But no matter how many layers and concepts are thrown on top of it, the core gameplay of hoping between plates, amsassing massive combos within a set timeframe, and nailing opposition with a decisive strike never really changes, and it never stops being as enjoyable. There is something about matching assorted moving objects that I find enticing, especially with the high speeds offered by most levels of play seen in Sushi Striker. Every second the player needs to take in large amounts of information and make a decision to amass the highest damage possible, preserve their character, and is the most optimal move available based on the randomized assortment of raw fish (and also fruit) available to them.
It is a feverish system that I found myself quite taken to, with each battle being an intense test of reflexes and skills that got me hooked, routinely playing the game until my thumbs started getting sore from routinely mashing the A button and swaying around the left stick to link as many plates as possible. However, it is not all reflexes and intensively hand motions, as Sushi Striker gives the player a good degree of customization in how they approach battles, boasting a robust collection of raisable and evolvable Sushi Sprites that Musashi can collect, and some more organic difficulty customization in the form of equipment that alters the flow of sushi, but also cut Musashi’s health in half in exchange for (effectively) an elusive rainbow S-rank at the end of each stage. Or a Satisfactory-rank as I like to call them.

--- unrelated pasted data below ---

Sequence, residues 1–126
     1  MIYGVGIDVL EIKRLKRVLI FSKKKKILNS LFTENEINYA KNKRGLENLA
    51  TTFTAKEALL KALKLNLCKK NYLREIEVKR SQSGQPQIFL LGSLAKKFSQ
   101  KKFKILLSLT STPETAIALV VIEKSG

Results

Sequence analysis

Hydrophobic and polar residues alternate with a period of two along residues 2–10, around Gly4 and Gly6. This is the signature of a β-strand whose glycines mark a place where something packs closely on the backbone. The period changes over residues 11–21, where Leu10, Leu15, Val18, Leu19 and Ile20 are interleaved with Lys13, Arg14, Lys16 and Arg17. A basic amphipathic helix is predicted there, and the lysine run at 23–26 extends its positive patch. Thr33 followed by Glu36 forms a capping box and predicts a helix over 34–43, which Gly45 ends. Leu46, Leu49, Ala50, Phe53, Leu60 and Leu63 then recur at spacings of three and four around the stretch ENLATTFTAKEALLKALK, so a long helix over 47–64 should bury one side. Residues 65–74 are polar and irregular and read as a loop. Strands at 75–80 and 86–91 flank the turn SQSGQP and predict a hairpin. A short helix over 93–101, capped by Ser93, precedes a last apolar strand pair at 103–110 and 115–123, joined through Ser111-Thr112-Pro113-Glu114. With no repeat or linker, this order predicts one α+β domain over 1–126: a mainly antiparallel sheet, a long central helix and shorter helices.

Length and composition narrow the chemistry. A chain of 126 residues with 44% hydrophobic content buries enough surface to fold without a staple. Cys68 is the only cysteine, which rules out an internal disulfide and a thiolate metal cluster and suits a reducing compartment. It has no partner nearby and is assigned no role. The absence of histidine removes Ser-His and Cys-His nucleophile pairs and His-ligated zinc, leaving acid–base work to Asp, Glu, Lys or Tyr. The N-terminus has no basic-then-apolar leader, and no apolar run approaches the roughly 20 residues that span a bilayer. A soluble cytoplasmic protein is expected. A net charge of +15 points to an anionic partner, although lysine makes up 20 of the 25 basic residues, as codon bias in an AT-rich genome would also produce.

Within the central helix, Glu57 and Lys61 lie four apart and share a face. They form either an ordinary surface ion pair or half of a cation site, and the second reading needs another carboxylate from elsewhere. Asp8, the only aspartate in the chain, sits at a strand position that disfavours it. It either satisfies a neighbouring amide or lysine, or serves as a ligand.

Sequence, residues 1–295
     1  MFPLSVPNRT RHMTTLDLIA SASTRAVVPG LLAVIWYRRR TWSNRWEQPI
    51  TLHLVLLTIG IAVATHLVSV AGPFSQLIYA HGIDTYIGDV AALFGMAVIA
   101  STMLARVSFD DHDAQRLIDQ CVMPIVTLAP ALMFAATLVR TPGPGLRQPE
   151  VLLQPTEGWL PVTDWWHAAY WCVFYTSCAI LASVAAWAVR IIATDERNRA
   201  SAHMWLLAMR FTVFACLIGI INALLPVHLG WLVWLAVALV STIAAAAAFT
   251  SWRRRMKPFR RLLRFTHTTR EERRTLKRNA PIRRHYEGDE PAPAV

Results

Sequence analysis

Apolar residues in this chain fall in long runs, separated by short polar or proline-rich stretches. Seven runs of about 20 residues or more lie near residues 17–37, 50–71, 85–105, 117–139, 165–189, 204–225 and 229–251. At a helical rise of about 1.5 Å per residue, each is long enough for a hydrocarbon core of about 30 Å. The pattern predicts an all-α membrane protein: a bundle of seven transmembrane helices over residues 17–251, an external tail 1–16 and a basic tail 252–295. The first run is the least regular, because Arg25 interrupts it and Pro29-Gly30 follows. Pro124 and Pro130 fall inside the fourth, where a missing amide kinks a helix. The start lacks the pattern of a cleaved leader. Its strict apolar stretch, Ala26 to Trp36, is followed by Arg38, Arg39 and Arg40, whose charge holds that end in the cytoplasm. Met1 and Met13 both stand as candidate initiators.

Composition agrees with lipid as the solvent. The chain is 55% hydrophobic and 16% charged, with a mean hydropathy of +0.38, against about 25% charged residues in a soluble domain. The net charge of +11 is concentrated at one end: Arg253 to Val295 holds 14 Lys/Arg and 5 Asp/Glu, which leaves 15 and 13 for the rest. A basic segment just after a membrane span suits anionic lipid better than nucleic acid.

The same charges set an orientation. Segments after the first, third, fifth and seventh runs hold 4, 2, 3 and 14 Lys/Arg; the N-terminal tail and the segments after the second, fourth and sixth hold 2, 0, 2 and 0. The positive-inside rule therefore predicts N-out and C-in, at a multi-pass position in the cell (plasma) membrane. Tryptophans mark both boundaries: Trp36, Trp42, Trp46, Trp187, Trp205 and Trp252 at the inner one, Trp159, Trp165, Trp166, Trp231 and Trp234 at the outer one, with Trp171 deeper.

I bring this up periodically, mostly when talking about Sonic games, but I am kind of a freak when it comes to ranking systems. I always want to get the highest rank possible, and get annoyed when the game denies it to me, immediately wanting to jump back in and get the best score possible. It has impacted my enjoyability in the past, but much to my surprise, I had little difficulty going through the main stages with halved health, and only ran into actual difficulties with this approach once I got into the late game extra stages… and the final boss, both of which I had to drop it down to normal, or as I internalized it, easy.